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Re: ISSUE-13: suggest closing

From: John Kemp <john@jkemp.net>
Date: Thu, 20 Aug 2009 11:03:06 -0400
Message-ID: <4A8D65AA.8080205@jkemp.net>
To: Julian Reschke <julian.reschke@gmx.de>
CC: Maciej Stachowiak <mjs@apple.com>, HTMLWG WG <public-html@w3.org>
Julian Reschke wrote:
> Maciej Stachowiak wrote:
>> 
>> On Aug 11, 2009, at 12:19 AM, Julian Reschke wrote:
>> 
>>> Maciej Stachowiak wrote:
>>>> http://www.w3.org/html/wg/tracker/issues/13 This was a feature 
>>>> proposal that was never adequately developed into a complete 
>>>> concrete proposal. I suggest that it is too late to consider 
>>>> proposals for new features at this time. I suggest closing this
>>>>  issue. Regards, Maciej
>>> 
>>> Yes and no. I believe the spec now says a few more things about 
>>> 401 then it used to, so I'd like to review and enter a comment so
>>>  that information isn't lost. I do agree that it's too late to 
>>> introduce anything more complicated right now.
>> 
>> Would you be willing to decouple your review from the issue? I'm 
>> sure if you find new concrete problems with the spec text they will
>>  be given due consideration. I'd rather not have this issue sit
>> open forever in the meantime. ...
> 
> The spec currently says:
> 
> "HTTP 401 responses that do not include a challenge recognized by the
>  user agent must be processed as if they had no challenge, e.g. 
> rendering the entity body as if the response had been 200 OK.

This feels odd - as if a new HTTP authentication mechanism (ie. as those
defined in RFC)2617 has been developed, but which is not advertised in
the response from the server, or is advertised but not understood by the
user-agent. That seems to defeat the purpose of RFC2617 and the
requirement that the user-agent MUST "choose to use one of the
challenges with the strongest auth-scheme it understands".

By providing an HTTP 401 with WWW-Authenticate header, a server is
saying that the user-agent should attempt to authenticate using one of
the methods supported for that resource. If the user-agent cannot
understand any one of those methods, then it does not support any of the
given authentication methods for that resource, and if we follow the
intentions of the server, the user-agent shouldn't be able to
authenticate in an RFC2617-compatible manner at all. So I'm imagining
that the resource is not "suddenly" an HTML login form (when it was some
other protected resource when the user-agent first asked for it).

> 
> User agents may show the entity body of an HTTP 401 response even 
> when the response do include a recognized challenge, with the option 
> to login being included in a non-modal fashion, to enable the 
> information provided by the server to be used by the user before 
> authenticating. Similarly, user agents should allow the user to 
> authenticate (in a non-modal fashion) against authentication 
> challenges included in other responses such as HTTP 200 OK responses,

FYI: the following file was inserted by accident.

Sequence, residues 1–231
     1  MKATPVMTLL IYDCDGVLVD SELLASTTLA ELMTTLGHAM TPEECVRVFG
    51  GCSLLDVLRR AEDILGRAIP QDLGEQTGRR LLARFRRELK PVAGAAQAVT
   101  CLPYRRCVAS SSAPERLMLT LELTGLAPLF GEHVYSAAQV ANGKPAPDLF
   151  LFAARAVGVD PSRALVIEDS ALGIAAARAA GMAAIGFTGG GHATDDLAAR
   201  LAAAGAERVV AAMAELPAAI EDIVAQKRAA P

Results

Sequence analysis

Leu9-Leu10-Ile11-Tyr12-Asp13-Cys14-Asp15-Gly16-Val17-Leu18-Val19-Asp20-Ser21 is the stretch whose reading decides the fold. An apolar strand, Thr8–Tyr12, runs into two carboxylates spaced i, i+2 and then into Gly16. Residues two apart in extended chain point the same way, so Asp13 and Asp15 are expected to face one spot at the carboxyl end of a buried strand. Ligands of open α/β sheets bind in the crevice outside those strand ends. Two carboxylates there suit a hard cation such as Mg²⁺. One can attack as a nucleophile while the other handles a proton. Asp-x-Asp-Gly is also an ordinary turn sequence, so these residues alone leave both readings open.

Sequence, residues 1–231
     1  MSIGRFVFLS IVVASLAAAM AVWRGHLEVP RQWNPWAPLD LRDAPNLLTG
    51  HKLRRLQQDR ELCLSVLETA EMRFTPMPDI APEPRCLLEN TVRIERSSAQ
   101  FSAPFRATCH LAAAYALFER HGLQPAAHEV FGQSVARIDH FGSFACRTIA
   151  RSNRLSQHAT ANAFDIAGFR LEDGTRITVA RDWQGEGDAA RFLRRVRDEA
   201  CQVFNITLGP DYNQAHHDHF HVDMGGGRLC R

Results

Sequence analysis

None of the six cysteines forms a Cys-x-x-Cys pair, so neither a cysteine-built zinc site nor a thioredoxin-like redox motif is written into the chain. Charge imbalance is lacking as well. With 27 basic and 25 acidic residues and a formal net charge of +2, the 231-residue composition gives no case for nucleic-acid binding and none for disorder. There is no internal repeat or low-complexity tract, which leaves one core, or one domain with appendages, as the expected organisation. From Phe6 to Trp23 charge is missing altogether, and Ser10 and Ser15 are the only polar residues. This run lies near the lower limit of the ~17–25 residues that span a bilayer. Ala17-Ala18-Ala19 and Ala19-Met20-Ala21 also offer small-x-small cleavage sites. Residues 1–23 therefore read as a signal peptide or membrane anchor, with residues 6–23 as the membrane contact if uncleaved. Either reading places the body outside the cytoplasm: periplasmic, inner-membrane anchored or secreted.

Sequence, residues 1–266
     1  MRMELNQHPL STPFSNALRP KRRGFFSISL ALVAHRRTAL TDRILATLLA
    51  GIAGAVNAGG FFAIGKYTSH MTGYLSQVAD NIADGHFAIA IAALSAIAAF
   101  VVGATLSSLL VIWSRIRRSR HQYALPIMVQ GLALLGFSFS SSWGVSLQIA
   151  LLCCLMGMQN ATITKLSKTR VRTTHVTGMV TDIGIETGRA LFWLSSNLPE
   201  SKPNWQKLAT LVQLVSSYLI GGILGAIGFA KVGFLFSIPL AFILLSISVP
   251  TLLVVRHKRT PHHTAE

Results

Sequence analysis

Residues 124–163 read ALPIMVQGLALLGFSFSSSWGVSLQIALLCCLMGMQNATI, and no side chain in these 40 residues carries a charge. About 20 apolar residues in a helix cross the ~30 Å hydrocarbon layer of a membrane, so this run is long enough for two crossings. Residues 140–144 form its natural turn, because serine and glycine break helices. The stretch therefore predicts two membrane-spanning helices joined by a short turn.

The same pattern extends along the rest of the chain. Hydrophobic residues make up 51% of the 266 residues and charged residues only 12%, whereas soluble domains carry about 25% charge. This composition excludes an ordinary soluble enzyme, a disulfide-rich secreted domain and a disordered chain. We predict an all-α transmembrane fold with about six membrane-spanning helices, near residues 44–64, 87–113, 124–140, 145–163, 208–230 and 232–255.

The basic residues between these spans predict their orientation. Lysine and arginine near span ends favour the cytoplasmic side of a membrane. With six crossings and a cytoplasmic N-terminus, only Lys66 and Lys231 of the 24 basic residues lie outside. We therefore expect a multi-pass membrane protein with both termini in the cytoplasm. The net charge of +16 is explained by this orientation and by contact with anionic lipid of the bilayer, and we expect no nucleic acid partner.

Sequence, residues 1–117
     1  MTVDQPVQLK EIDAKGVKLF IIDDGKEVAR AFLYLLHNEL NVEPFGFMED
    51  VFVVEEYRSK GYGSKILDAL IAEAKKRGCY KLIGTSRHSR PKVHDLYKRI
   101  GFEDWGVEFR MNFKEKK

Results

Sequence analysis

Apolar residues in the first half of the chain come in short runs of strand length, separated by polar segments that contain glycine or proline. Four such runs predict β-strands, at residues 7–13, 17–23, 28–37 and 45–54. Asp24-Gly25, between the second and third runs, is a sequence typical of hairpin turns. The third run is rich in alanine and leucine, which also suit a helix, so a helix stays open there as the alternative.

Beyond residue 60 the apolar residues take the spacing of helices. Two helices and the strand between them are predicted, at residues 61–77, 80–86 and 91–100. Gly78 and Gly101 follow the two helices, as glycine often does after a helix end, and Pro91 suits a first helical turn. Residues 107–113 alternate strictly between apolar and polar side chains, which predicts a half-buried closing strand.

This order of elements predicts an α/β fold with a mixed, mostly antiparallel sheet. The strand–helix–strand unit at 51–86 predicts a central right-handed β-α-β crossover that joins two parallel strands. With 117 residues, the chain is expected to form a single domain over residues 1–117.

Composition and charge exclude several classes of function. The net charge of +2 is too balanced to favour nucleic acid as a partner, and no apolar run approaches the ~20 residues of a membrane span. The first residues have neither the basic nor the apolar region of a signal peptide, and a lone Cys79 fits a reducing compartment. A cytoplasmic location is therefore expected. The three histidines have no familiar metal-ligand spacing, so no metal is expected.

>  effectively allowing resources to present HTTP login forms without 
> requiring their use." -- 
> <http://dev.w3.org/html5/spec/Overview.html#navigating-across-documents>
> 
> 
> 
> That doesn't solve the full problem, but at least it clarifies what 
> User Agents are supposed to do, and will allow future innovation.

Essentially, we'd allow a user-agent to say "I understand HTTP Basic
(which was in the WWW-Authenticate header) and the server asked for HTTP
Basic, but instead of resubmitting my request with the basic credentials
according to RFC 2617, I'm going to ignore that and present the login
form which arrived in the entity-body (or worse, perhaps, display both a
non-modal browser login box, and an HTML login form)".

Regarding the issue [1] itself, and your points:

> Browsers do not display the text/html response body of a HTTP 401 
> response, instead, they just pop up a modal authentication dialog 
> (until "cancel" is pressed).

I regard the above as being correct RFC2617 behaviour. If we want to
allow form-based login via an RFC2617-compliant mechanism, shouldn't we
actually define an HTTP authentication mechanism for it?

> Servers do not send a meaningful response body with the 401 status as
> browsers do not display it anyway.

 From 2616, section 10 [2]:

> If the 401 response contains the same challenge as the
>    prior response, and the user agent has already attempted
>    authentication at least once, then the user SHOULD be presented the
>    entity that was given in the response, since that entity might
>    include relevant diagnostic information.

The user-agent can determine at what point to display the entity given 
in the response. Is the above text related to your issue? I'm 
sympathetic to the issue, but I'm not sure the current spec. text is the 
right way to solve it.

- johnk

[1] http://www.w3.org/html/wg/tracker/issues/13
[2] http://tools.ietf.org/html/rfc2616#section-10.4.2

> 
> So I'm personally ok with closing the issue.
> 
> BR, Julian
> 
Received on Thursday, 20 August 2009 15:03:59 GMT

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